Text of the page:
Testing whether the performance of the forecast series is different from that of the naive random walk forecast zt is equivalent to testing whether the population mean of the loss differential series dt is zero. The loss differential is deﬁned as dt ¼ Lðyt Þ Lðzt Þ:

ðA2Þ

Under the assumptions of covariance stationarity and short-memory for dt , the large-sample statistic for the null of equal forecast performance is distributed as a standard normal, and can be expressed as d qﬃﬃﬃﬃﬃﬃﬃﬃﬃﬃﬃﬃﬃﬃﬃﬃﬃﬃﬃﬃﬃﬃﬃﬃﬃﬃﬃﬃﬃﬃﬃﬃﬃﬃﬃﬃﬃﬃﬃﬃﬃﬃﬃﬃﬃﬃﬃﬃﬃﬃﬃﬃﬃﬃﬃﬃﬃﬃﬃﬃﬃﬃﬃﬃﬃﬃﬃﬃﬃﬃﬃﬃﬃﬃﬃﬃﬃﬃﬃﬃﬃﬃﬃﬃﬃﬃﬃﬃﬃﬃﬃﬃﬃﬃﬃﬃﬃﬃﬃﬃﬃﬃ ; PT PðT1Þ ðdt dÞðdtjtj dÞ 2p t¼ðT1Þ lðt=SðTÞÞ t¼jtjþ1

ðA3Þ

where lðt=SðTÞÞ is the lag window, SðTÞ is the truncation lag, and T is the number of observations. Different lag-window speciﬁcations can be applied, such as the Barlett or the quadratic spectral kernels, in combination with a data-dependent lag-selection procedure (Andrews 1991). For the direction-of-change statistic, the loss differential series is deﬁned as follows: dt takes a value of one if the forecast series correctly predicts the direction of change, otherwise it will take a value of zero.

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Hence a value of d signiﬁcantly larger than 0.5 indicates that the forecast has the ability to predict the direction of change; on the other hand, if the statistic is signiﬁcantly less than 0.5, the forecast tends to give the wrong direction of change. In large samples, the studentized version of the test statistic, d 0:5 pﬃﬃﬃﬃﬃﬃﬃﬃﬃﬃﬃﬃﬃﬃ ; 0:25=T

ðA4Þ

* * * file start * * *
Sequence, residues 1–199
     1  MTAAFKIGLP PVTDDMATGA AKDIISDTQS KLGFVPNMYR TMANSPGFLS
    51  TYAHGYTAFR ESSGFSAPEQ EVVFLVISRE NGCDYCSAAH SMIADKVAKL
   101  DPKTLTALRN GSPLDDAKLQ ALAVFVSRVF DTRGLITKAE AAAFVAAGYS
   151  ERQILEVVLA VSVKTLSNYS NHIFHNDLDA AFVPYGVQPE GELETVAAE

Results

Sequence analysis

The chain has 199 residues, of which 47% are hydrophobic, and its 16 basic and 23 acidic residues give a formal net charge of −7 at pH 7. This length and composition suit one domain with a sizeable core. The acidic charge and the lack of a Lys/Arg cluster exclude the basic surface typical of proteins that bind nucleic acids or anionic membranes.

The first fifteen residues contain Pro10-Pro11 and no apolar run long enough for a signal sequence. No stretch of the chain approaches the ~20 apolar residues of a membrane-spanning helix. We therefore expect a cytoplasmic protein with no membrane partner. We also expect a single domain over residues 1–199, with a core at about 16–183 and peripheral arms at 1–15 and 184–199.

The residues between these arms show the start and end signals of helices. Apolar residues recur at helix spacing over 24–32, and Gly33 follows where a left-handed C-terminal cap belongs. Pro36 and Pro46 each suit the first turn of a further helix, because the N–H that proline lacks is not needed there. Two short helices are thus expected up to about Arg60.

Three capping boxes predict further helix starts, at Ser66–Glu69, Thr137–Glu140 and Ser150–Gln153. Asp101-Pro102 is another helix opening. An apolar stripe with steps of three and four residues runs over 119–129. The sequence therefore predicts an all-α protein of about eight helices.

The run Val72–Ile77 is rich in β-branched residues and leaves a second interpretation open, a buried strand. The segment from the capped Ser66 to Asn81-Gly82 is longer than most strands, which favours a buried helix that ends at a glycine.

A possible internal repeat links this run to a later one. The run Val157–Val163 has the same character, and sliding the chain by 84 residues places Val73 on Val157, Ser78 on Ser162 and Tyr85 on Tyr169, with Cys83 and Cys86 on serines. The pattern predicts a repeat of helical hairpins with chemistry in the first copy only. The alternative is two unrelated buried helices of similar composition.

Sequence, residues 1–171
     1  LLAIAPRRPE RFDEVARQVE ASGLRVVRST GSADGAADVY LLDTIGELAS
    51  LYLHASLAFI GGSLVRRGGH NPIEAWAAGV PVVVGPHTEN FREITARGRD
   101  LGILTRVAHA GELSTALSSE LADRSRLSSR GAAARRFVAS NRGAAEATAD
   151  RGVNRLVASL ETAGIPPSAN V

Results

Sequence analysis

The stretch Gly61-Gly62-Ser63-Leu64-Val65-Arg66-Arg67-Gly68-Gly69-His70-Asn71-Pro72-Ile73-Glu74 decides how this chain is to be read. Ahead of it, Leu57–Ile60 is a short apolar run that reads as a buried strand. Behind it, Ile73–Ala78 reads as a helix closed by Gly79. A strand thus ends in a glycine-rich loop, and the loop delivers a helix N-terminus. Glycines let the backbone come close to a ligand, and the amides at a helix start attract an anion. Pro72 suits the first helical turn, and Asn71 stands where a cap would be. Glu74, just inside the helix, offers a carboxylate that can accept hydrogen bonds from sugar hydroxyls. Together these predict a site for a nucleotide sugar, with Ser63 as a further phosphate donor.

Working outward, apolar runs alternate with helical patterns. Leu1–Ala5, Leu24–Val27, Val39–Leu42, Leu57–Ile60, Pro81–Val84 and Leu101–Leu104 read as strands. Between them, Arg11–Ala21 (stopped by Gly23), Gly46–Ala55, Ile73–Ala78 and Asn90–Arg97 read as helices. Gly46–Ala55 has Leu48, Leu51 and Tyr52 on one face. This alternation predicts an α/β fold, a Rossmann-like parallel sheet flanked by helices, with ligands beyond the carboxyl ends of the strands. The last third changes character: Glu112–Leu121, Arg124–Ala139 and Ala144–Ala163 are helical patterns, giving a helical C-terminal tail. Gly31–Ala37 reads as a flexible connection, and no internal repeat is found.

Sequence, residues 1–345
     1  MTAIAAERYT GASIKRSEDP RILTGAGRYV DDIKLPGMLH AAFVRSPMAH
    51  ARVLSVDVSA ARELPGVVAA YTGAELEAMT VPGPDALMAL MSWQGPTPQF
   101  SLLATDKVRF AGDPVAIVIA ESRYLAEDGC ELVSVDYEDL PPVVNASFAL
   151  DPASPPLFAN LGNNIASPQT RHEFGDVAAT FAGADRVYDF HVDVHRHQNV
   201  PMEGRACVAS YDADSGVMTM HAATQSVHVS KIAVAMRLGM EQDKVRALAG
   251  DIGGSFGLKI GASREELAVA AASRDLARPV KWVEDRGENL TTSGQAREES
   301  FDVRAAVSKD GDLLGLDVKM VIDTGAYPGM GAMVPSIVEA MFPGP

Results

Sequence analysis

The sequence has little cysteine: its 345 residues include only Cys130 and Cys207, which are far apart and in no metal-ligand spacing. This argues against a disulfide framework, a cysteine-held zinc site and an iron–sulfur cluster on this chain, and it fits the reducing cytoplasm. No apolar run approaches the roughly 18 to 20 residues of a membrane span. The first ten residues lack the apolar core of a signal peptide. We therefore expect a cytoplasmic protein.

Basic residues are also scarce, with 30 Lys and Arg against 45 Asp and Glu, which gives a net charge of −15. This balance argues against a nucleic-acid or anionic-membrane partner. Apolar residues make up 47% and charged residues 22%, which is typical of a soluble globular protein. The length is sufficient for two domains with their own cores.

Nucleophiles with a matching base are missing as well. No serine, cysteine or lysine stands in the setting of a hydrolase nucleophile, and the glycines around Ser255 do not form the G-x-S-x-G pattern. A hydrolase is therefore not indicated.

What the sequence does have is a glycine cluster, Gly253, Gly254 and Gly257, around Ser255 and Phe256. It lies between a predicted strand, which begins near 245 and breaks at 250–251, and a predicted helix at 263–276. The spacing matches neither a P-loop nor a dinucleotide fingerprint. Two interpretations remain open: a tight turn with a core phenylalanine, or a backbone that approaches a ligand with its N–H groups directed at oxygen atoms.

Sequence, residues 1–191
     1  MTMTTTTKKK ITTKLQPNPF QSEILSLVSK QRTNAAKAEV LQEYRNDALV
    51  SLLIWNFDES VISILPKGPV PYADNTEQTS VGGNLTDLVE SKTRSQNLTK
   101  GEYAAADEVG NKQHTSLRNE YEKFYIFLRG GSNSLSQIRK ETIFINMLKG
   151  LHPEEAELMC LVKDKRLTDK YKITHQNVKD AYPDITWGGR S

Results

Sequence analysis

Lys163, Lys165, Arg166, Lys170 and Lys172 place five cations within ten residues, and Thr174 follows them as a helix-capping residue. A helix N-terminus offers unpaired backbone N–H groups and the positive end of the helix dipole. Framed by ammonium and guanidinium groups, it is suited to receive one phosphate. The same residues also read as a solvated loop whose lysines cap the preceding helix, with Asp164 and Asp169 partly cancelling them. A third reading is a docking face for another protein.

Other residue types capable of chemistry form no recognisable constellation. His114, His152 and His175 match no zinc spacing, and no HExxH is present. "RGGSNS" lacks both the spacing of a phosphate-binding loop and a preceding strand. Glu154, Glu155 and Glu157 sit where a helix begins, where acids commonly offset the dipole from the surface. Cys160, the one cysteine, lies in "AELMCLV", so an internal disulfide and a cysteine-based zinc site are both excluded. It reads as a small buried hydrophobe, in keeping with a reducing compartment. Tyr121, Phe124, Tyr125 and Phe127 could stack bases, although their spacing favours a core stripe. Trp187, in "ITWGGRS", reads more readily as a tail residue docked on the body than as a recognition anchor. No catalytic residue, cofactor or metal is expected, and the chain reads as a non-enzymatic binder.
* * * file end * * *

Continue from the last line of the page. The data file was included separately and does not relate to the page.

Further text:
is distributed as a standard normal. Notes We thank, without implicating, Jeff Frankel, Fabio Ghironi, Jan Groen, Lutz Kilian, Ed Leamer, Ronald MacDonald, John Rogers, Lucio Sarno, Torsten Slok, Frank Westermann, seminar participants at Academia Sinica, Boston College, UCLA, and participants at CESIfo conference on Exchange Rate Modeling: Where Do We Stand? for helpful comments, and Jeannine Bailliu, Gabriele Galati, and Guy Meredith for providing data. The ﬁnancial support of faculty research funds of the University of California, Santa Cruz is gratefully acknowledged. 1. A recent review of the empirical literature on the monetary approach is provided by Neely and Sarno (2002). 2. See Clark and MacDonald (1999), Clostermann and Schnatz (2000), Yilmaz and Jen (2001), and Maeso-Fernandez et al. (2001) for recent applications of this speciﬁcation. On the portfolio balance channel, Cavallo and Ghironi (2002) provide a role for net foreign assets in the determination of exchange rates in the sticky-price optimizing framework of Obstfeld and Rogoff (1995). 3. Despite this ﬁnding, there is little evidence that long-term interest rate differentials— or equivalently long-dated forward rates—have been used for forecasting at the horizons we are investigating. One exception from the professional literature is Rosenberg (2001). 4. The ﬁndings reported below are not very sensitive to the forecasting periods (Cheung, Chinn, and Garcia Pascual 2002). 5. For the pound, the productivity coefﬁcient is incorrectly signed, although this ﬁnding is combined with a very large (and correctly signed) income coefﬁcient, which suggests some difﬁculty in disentangling the income from productivity effects. 6. Overall, the interpretation of the results is complicated by the fact that, for the level speciﬁcations, multiple cointegrating vectors are indicated using the asymptotic critical values. The use of ﬁnite sample critical values reduces the implied number of cointegrating vectors, as indicated in the second row, to one or two vectors. Hence we do not believe the assumption of one cointegrating vector does much violence to the data. 7. One substantial caveat is necessary at this point. BEER models have almost uniformly been couched in terms of multilateral exchange rates; hence the interpretation of the BEERs in a bilateral context does not exactly replicate the experiments conducted by BEER exponents. On the other hand, the fact that it is difﬁcult to obtain the theoretically